Indonesians in Focus: Djiwo Diharjo
The Javanese traditional kris — a wavy, double-blade dagger, sometimes spelt keris — has a significance that goes beyond its role as a weapon. A kris can be a symbol of a man’s social status and power. Some kris are believed to possess supernatural qualities and only certain people are allowed to make them. Only master craftsmen are believed to have the skills and knowledge required to make a kris with special magical powers. Banyu Sumurup kampong is famous for producing kris — both souvenir kris and kris that possess magical powers. The kampong, which is located in Imogiri, Bantul, 25 kilometers south of Yogyakarta city, is home to 70-year-old master craftsman Djiwo Diharjo. Djiwo is well known, not only among government officials around Indonesia, but also with foreigners.
Empu (master craftsman) Djiwo said his ability to make kris was a hereditary skill. This father of four is a descendant of a master craftsman from the Majapahit Kingdom according to Slamet Susanto.
Around the 13th century, the empu Supomo ran away to Imogiri. At that time, the Soreng Lono rebellion was underway in the Majapahit Kingdom and the life of the master craftsman was threatened.
He settled with his family at the edge of Thousand Hill area in Banyu Sumurup.
As a fugitive, the skill to produce weapons like the kris proved useful; it was never lost and has been passed down through the generations.
“I represent the 13th generation from empu Supomo,” said master craftsman Djiwo.
Empu Djiwo said in order to produce a good kris that has magical powers, a master craftsman must be strong, undergo fasting and deprive himself of sleep to sharpen the ascetic and spiritual elements involved in making a kris.
“The ability to become a master craftsman is a blessing from God,” he said.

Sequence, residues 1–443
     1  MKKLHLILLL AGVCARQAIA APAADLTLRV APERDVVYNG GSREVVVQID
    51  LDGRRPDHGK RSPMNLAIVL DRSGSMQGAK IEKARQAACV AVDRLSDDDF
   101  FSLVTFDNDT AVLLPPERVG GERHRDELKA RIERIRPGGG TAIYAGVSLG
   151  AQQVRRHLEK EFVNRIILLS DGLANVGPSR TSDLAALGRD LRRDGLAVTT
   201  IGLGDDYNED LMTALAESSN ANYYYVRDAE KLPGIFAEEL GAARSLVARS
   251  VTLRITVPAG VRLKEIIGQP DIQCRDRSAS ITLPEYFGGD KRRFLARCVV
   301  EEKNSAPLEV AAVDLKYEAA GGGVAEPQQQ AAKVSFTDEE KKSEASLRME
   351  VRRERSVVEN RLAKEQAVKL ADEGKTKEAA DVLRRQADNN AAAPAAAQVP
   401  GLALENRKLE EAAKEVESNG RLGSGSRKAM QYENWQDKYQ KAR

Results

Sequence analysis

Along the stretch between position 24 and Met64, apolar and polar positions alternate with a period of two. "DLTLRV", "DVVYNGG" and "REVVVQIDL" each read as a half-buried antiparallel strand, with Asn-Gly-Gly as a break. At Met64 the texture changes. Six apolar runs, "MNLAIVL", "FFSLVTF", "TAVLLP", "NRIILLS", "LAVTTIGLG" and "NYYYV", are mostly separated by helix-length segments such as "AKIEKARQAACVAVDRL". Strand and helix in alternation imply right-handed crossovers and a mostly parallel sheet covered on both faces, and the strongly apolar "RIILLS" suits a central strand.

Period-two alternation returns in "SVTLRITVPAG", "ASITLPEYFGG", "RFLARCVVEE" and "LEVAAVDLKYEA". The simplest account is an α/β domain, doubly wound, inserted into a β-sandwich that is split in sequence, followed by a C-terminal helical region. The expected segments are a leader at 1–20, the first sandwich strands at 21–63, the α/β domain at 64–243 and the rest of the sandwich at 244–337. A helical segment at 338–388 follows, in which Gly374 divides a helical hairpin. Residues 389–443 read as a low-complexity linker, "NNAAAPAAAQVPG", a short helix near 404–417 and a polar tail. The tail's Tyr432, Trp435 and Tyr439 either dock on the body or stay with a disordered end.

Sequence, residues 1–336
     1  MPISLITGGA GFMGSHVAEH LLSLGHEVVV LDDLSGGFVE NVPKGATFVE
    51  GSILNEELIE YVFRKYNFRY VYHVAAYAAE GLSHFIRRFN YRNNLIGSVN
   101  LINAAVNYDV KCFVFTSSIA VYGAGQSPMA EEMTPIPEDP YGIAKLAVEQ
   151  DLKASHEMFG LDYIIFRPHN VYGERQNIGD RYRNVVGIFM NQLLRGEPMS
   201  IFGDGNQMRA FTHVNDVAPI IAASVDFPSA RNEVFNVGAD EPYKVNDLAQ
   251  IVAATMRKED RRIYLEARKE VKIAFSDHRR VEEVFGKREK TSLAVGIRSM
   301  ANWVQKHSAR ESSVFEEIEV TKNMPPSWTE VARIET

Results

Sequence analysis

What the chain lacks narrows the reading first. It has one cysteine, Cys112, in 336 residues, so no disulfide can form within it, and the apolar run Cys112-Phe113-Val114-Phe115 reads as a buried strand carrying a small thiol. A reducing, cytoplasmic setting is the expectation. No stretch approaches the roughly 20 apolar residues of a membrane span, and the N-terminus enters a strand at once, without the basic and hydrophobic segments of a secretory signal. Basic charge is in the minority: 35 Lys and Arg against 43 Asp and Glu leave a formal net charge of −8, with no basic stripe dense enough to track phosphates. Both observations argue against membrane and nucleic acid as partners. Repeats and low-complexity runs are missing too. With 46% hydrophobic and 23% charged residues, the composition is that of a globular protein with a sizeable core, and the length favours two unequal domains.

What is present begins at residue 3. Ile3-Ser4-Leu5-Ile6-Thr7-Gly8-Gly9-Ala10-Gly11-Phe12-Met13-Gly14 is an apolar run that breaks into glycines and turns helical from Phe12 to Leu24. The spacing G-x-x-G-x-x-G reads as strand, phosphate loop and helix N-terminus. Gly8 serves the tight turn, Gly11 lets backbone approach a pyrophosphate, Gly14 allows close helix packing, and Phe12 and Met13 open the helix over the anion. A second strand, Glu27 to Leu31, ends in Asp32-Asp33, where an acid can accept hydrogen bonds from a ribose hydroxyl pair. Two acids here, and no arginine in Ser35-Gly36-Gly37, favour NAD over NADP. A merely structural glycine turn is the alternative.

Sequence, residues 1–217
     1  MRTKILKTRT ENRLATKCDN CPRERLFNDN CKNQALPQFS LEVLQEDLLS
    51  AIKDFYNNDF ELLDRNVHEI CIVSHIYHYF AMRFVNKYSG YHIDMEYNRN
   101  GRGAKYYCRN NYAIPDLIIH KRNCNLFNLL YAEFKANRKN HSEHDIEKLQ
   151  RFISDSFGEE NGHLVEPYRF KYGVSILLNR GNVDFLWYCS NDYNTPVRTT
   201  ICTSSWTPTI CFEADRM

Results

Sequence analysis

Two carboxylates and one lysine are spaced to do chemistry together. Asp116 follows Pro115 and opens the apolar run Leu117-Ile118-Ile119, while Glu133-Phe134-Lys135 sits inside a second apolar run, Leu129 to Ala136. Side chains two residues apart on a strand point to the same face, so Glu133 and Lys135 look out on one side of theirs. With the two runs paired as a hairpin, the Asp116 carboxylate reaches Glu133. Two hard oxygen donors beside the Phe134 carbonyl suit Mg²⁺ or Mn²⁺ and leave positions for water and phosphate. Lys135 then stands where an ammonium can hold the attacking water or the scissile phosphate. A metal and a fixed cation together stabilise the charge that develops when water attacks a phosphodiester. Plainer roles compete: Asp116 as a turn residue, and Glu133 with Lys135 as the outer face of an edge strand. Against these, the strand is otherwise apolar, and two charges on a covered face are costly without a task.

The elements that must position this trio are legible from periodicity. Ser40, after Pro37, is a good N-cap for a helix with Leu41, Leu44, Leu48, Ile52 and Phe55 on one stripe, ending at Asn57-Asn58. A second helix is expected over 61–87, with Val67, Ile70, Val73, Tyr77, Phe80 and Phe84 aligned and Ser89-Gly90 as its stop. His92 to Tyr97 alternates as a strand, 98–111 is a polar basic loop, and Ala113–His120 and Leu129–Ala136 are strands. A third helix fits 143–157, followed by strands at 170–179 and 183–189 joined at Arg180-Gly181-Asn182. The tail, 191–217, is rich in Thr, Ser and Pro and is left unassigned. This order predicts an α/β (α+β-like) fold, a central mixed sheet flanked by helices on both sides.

He said before making an heirloom kris, a craftsman has to fast and present offerings of flowers or food when the iron is first struck. The aim is to put magic in the kris to make it powerful.
Making a kris may only be done once every sepasar (five days, according to the traditional Javanese calendar), he said.
“Every time I want to make a kris, I have to fast … during that time I may not speak because a master craftsman has to remain quiet.
“If the rituals are broken, then the magical power will be lost,” he added.
He said he needed at least eight months to complete an order for one kris.
“If it’s a special kris, then it can take years.”
In order to produce a kris, a high temperature is required as well as teak wood charcoal for heating the metal. One kris needs hundreds of folds of hot iron, sometimes even more than a thousand.
“The folding technique is important and requires special skill. But the most important thing is the sharpness of the kris and this can only be achieved through following appropriate behaviors,” said empu Djiwo.
In 1972, concerned by the unemployment rate in Banyu Sumurup and the state of the economy, empu Djiwo trained 15 young men from the kampong to make iron and aluminum kris, warongko (kris sheaths) as well as how to make carved kris.
“At that time, many tourists were interested in buying kris for souvenirs and I thought the manufacture and sale of kris could help the local economy and the welfare of the people,” he said.